“They bring in an excitement level that is unmatched, I think, and they are eager, they are willing to learn,” he said. “They just want to have that opportunity and they will do anything for that opportunity. They are just eager to get in there and play and they are excited to be a part of this.
“I’m not saying that veterans aren’t (excited), but they just come here with eyes wide open and a ‘put me in, coach,’ kind of attitude. So, it’s refreshing. It’s great to see.”
Schauffele, Finau and Scheffler all rank among the top 40 on the PGA Tour in driving distance, while English, Schauffele and Spieth all rank among the top 30 in strokes gained-putting. All 12 team members rank among the top 25 in birdie average.
Stricker and his assistant captains studied data from Scouts Consulting and took into account not only measurables such as driving distance and putting average, but also how players perform in the wind and how their games would complement one another’s in foursomes and fourball matches.
“We looked at all of that,” he said. “We looked at their stats. We looked at how pairings going forward could be made with these six guys that we picked today. We have long conversations with my assistant captains trying to make sure that we’re going to do the right thing and pick the right guys.”
Still, Stricker is leaving himself open for criticism if the team doesn’t perform. This is the first time since 1969 that the U.S. team will be without a player in his 40s. The average age of the last three U.S. teams: 33 in 2014, 33 in 2016 and 32 in 2018.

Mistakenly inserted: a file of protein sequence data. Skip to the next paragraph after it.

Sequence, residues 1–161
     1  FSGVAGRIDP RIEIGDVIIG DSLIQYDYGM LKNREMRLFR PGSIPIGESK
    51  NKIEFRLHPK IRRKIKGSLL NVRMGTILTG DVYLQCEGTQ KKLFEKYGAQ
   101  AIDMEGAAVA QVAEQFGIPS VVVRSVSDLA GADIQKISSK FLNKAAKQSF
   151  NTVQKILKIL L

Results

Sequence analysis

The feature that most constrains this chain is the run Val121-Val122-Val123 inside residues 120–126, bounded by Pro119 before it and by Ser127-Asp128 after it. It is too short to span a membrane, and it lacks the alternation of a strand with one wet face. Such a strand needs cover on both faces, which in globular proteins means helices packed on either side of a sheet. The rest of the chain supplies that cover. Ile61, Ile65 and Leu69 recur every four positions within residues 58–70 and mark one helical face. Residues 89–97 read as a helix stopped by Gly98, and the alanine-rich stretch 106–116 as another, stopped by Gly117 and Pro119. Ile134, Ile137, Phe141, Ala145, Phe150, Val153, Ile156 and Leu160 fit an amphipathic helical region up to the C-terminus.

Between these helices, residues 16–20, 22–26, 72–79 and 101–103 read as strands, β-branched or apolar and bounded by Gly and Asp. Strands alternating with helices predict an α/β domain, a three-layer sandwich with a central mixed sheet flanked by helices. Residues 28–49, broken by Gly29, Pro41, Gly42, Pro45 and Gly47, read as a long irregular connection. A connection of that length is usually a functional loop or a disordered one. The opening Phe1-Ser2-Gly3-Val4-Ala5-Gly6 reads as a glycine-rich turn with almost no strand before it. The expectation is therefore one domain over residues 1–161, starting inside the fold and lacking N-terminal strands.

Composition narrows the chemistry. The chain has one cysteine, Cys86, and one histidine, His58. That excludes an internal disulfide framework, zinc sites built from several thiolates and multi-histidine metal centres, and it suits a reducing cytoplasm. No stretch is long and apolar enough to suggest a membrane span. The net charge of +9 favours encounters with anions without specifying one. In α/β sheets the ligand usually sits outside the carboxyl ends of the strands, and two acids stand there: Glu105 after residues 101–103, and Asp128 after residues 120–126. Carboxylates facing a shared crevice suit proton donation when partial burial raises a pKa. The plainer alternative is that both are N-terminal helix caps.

Gone are Ryder Cup stalwarts such as Tiger Woods (still recovering from injuries suffered in a February car crash), Phil Mickelson (now one of Stricker’s assistant captains), Bubba Watson, Jimmy Walker and Brandt Snedeker.
Then again, Europe has won four of the last five Ryder Cups, seven of the last nine and nine of the last 12. And Woods, Mickelson and Watson – all multiple major championship winners – have losing Ryder Cup records.
“I’m not trying to knock on any veteran, but I think like Stricker said, the game is getting younger,” Schauffele said. “Tiger Woods is to blame. But kids are getting better and better.”
Finau, Schauffele and Spieth, who finished seventh, eighth and ninth in the points, were considered by many to be locks to make the team. But in making his picks, Stricker passed on Patrick Reed, who finished 11th in the points, to pick Berger (12th). And he passed on Webb Simpson (13th) to pick Scheffler (14th), who has not yet won on the PGA Tour but has top-10 finishes in the last three majors.